Fumes that resulted from the accidental spillage of less than an ounce of a chemical used in antimalaria research caused nausea, vomiting, dizziness and headaches this week among dozens of workers at a Bethesda office building rented mostly by the National Institutes of Health.
Apparently no one was hospitalized, but federal and state agencies have begun investigations. Two questions to be studied are what the longrange effects of inhaling the fumes will be and whether proper disposal procedures were followed once the spill was discovered.
The fumes, described as "like nothing you've ever smelled before, like a skunk, like burning rubber, horrible" by one of those who smelled it, was spread through parts of the privately owned building at 7910 Woodmont Ave. through an air conditioning system.
The stench was noticed by workers as much as two blocks away and was still descernible yesterday.
"No one, quite frankly, knows the long-range impact of the accident," said Thomas J. Mason, a leading researcher at the National Cancer Institutes, who could smell the fumes in his 10th floor offices in the building yesterday. "We are very concerned."
The fumes, which caused the week-long evaculation of ground floor offices in the building, were produced by the accidental spillage of the chemical catechylphosphotrichloride.
The chemical, contained in a glass vial stoppered with a cork, was stored in basement offices rented by Herner and Co. in a building next door. The firm stores about 300,000 chemicals and drugs on a $350,000 annual contract from the Walter Reed Army Institute of Research, according to an Army spokesman.
Mary Herner, executive vice president of the company, said the accident apparently occurred when an unidentified Herner employee moved the vial from a refrigerator where it was stored. The vial was knocked to the floor and broke as the employee reached for another vial, she said.
According to Mason, who said he toured the Herner and Co. offices, located at 7801 Norfolk St., shortly after the incident Monday, Herner employees opened their windows after the spill to ventilate their offices. When the fumes left the Herner offices they were sucked into an air intake valve of the Cancer Institutes offices and circulated through the air conditioning system of parts of the building, he said.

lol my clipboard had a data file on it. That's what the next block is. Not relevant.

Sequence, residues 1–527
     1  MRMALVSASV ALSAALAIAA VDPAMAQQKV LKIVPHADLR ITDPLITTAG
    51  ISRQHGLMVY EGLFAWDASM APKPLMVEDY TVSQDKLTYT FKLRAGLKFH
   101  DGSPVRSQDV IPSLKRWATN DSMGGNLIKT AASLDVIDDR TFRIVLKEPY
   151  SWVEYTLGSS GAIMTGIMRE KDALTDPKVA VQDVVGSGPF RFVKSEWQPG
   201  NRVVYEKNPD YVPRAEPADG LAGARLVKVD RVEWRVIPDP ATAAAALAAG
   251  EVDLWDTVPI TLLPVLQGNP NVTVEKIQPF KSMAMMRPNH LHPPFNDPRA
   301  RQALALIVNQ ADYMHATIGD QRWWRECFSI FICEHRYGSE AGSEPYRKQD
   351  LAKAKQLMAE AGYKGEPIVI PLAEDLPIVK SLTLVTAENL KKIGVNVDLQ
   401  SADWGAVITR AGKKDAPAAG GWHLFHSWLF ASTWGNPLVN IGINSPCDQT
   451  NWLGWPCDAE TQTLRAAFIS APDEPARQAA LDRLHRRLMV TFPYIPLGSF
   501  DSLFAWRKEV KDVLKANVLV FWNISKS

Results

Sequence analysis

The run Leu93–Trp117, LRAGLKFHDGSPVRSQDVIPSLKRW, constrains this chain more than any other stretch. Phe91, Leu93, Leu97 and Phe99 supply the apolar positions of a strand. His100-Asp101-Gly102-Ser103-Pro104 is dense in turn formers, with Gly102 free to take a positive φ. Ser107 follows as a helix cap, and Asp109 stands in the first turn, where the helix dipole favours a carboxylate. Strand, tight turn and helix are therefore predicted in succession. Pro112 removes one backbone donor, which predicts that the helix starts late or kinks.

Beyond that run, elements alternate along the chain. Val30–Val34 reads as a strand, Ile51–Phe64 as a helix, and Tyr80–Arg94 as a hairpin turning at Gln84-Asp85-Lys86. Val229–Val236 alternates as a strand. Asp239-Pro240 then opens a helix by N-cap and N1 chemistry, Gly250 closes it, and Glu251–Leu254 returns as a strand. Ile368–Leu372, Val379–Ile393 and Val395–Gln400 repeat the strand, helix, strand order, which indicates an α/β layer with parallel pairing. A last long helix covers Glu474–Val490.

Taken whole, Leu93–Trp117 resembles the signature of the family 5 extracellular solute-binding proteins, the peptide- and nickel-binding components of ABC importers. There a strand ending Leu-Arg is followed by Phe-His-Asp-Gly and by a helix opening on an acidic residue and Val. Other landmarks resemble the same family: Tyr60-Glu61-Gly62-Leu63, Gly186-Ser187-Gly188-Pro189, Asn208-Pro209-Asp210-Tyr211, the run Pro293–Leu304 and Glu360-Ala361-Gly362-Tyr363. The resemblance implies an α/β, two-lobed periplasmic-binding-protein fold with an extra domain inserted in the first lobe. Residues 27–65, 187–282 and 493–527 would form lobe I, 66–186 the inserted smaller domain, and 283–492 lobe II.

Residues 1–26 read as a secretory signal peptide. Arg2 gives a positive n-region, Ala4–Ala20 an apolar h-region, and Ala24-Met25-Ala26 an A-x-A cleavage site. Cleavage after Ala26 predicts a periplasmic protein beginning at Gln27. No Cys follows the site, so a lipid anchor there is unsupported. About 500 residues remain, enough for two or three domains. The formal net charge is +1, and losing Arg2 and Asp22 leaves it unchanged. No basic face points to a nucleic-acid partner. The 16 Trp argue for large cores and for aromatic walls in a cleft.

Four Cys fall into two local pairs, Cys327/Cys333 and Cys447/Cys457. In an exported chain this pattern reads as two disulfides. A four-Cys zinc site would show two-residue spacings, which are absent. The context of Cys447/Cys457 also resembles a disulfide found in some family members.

Additionally, materials used to soak up the spilled chemicals were placed in plastic bags and left in a garbage bin between the two buildings, and fume from the garbage bins were also sucked into the air conditioning unit, he said.
On Wednesday a trash collector used his own cleaning solvent in an attempt to dilute the smell, but only succeeded in intensifying it, according to Frances Abrams, director of the Montgomery County Department of Environmental Protection, which has jurisdiction over trash disposal.
Mrs. Herner said yesterday she did not know if the required disposal procedures were followed. Federal procedures for disposal of spilled chemicals normally involve the immediate isolation of the materials, according to persons familiar with the field.
The odor caused 17 workers in the Cancer Institute's computer section to move their offices to other floors. Mary Cusano, a computer specialist, said "the smell" gave me headaches, made me feel dizzy. When I blew my nose I saw flecks of blood," she said.
Mike Stump, a computer systems supervisor, said he took administrative leave Monday afternoon because the smell made him feel ill.
Doris Paige, who works in the mail room next to the computer offices said, "I can still taste it, all the time. In my throat, in my chest. It made me dizzy, made my eyes red and runny." Paige said she was sent to a doctor at the nearby National Institutes of Health campus.
"He said if I have trouble breathing to go to (a hospital) in a hurry. I feel OK now, but I can still taste it. It's bitter," she said.
Carolan Hanson, 18, a secretary at Bogart & Brownell, an insurance firm located around the corner at 4829 Fairmont Ave., said that on Tuesday she had smelled the odor "from up on Wisconsin Avenue," a block and a half away. "It was awful," she said.
Sharon Isard, 24, who works in the same office, said she had had "very painful headaches all week long, and I usually don't get headaches," she said.
Herner and Co. has occupied its offices for more than a dozen years, Mr. Herner said. The computer section of the Cancer Institutes has occupied its offices next door for four years, employees said. Many of the institutes' employees have in the past "made documented and historic complaints of headaches, dizzyness, and odors," according to Mason.
"We always thought that was the smells were due to gasoline fumes from the truck loading docks on the other side of the wall," according to James E. Larson, a computer supervisor. "But when we looked we often couldn't find any trucks. Now we wonder if leaking chemicals were not the cause of the problems," he said.
Mason said the Army Institute of Research at Walter Reed is planning an investigation and that inspectors from the Maryland Air Quality Resources Board and other state agencies are expected to look at the site on Monday. Abrams, of the county's environmental protection department, said the agency is consulting its lawyer to see whether it has any jurisdiction in the incident.